Share a story about your experience and how you’ve gotten to where you are today.
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Elizabeth White


That can’t be right” was my first reaction when I learned the meaning of my American Dream score of 74. No way have I had more factors working against me in my life than working for me.

Photo courtesy of Elizabeth White

So I took the test over a second and then a third time pondering each test question carefully now before answering. But my overall test result did not change.

Could it be, I wondered, if what some might see as barriers, I have come to see as my normal? At 63, I’m used to what comes with being black and female. It’s the landscape I’ve been dealing with my whole life.

I grew up in an intact family adored by my parents. Even as a little girl I knew there was a big difference between what I experienced at home and what I experienced in the world outside. In my predominantly white elementary school, I was seen as an outsider. No one ever picked me for the soccer or volleyball team even though I was a decent athlete. I was always the default choice, picked last after the boy with the bulletproof glasses and the girl who smelled like she peed in the bed.

I remember at 13 going to my first dance at the local teen club and neither the white boys nor the black boys asked me to dance. Back in those days, beauty standards were strict. There were no Lupita Nyong’os gracing the cover of fashion magazines. You were either paint by the numbers pretty or you weren’t. You either fit or you didn’t. And I never did.

Eventually, I stopped trying. I discovered that looking different had its advantages. Instead of hiding my ethnicity, I played it up, piercing my nose with a diamond decades before it was fashionable to do so, and wearing my hair big and bushy.

I began to think maybe there was a place for me in an American Dream that prized individualism and independence. Maybe like in the Burger King commercial, “I could have it my way.”

I was 23. Today I know that individualism and independence are not the whole story in America. There’s an African proverb that says if you are sitting in a shady spot you need to be thanking the people who planted those trees long ago.

Today, I know a lot more about interconnectedness.

There’s not a day I don’t worry that someone could mistake my 12-year-old grandson for a bigger boy and could find his clowning around and horseplay menacing or scary. Today, I know that being an unarmed, innocent child is not enough to protect him.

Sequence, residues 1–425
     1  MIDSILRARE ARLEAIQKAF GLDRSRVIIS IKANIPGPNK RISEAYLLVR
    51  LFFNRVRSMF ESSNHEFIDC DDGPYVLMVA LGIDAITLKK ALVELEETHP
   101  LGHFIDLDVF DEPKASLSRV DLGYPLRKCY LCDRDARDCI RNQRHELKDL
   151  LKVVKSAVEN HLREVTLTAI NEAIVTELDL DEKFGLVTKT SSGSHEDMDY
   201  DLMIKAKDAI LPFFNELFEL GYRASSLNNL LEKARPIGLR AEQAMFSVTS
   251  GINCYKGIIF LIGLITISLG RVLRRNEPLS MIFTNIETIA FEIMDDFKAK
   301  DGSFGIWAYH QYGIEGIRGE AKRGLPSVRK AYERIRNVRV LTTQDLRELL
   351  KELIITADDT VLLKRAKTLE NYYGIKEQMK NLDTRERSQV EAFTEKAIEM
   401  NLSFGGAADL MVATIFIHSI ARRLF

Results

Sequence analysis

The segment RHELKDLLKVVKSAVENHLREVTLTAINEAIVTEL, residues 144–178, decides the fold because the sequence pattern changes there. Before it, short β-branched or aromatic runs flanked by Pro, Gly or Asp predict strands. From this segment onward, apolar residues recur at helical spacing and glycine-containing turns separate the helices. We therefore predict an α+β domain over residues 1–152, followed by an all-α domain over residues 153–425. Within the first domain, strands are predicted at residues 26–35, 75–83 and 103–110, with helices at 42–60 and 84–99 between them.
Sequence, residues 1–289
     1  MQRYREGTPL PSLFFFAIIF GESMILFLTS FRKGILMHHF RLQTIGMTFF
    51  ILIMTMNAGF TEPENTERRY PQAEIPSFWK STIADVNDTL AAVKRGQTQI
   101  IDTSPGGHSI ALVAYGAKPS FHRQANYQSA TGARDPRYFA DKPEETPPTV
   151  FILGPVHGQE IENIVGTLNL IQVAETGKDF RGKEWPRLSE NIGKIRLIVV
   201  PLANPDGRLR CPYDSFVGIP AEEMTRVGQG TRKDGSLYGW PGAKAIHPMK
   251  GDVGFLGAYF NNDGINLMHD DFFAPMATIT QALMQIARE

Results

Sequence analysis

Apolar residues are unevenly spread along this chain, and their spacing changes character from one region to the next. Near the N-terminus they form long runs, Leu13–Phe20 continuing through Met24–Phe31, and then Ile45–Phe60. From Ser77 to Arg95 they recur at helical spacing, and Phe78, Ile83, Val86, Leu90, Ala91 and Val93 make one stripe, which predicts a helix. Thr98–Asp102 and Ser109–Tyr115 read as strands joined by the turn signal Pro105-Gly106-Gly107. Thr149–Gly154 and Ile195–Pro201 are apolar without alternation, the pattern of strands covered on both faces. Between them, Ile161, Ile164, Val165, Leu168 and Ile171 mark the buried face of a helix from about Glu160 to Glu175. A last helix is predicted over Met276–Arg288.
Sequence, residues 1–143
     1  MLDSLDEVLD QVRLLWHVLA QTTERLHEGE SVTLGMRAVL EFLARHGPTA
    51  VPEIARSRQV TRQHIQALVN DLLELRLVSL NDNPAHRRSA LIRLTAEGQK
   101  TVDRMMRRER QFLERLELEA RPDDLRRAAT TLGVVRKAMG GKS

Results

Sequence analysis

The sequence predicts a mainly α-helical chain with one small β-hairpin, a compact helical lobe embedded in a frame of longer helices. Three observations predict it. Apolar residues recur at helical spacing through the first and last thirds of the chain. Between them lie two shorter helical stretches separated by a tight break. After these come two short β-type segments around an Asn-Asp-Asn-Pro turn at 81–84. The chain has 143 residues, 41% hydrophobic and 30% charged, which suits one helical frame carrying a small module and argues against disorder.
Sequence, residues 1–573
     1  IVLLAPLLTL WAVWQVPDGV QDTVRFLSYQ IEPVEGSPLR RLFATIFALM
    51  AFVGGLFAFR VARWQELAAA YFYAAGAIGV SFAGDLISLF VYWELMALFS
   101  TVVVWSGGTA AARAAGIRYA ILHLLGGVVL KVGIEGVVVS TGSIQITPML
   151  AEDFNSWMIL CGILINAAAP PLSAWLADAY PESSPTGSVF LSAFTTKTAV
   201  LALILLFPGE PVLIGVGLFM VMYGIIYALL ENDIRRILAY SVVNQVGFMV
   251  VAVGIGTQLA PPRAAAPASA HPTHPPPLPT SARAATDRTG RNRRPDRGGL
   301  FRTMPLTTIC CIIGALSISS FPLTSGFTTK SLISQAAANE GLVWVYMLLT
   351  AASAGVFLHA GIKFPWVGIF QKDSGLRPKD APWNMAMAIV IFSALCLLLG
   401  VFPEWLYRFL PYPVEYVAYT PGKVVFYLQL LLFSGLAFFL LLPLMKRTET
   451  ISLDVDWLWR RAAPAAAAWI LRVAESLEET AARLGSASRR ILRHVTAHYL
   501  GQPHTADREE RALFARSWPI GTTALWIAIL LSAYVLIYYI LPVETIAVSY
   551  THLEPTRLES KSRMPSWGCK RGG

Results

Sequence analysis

Lots of people thank me for having the courage to write Fifty-five, Unemployed, and Faking Normal. I have never thought of myself as a courageous person. I just take the next step even when I am scared to death. I take the next step and pray the ground is there.

I also throw a lot of spaghetti at the wall. I reach out to all kinds of people I have no business reaching out to, writing the email equivalent of one of those half-court basketball shots. Lots of times I don’t hear back, but about a third of the time I get the meeting.

I have wondered what direction my life would have taken had I not ended up sitting next to Susan at that workshop for women entrepreneurs 25 years ago. If it happened today, we might not even glance up from our computer screens. Back then, we actually had a conversation. And that single conversation set off a chain of events that got me on the board of a major retail trade association, launched my stores in New York City and started an amazing five-year retail adventure.

I have always had a few friends who are struggling, but that number shot up when I left corporate America to start my retail business all those years ago.

Until then, most of my friends were like peas in a pod with similar education, background and experience. That was not so in the world of small business I entered. There, everyone had a story that zigged and zagged. We bonded around the daily struggle of keeping our businesses afloat.

Some of my best connections have come from friendly acquaintances, not friends. I know that sounds odd, but there’s actually a lot of research to support the power of “loose ties” in helping us to find work/jobs, etc. And I just don’t stick with people in my age range. I let my curiosity lead, and have found common ground with people quite unlike myself.

I grew up with a dad who was a big “people person.” When my mom sent him to the store for milk, he would return with four strangers he’d met along the way. I learned from him to see what’s special about people — and that wisdom can come from anyone.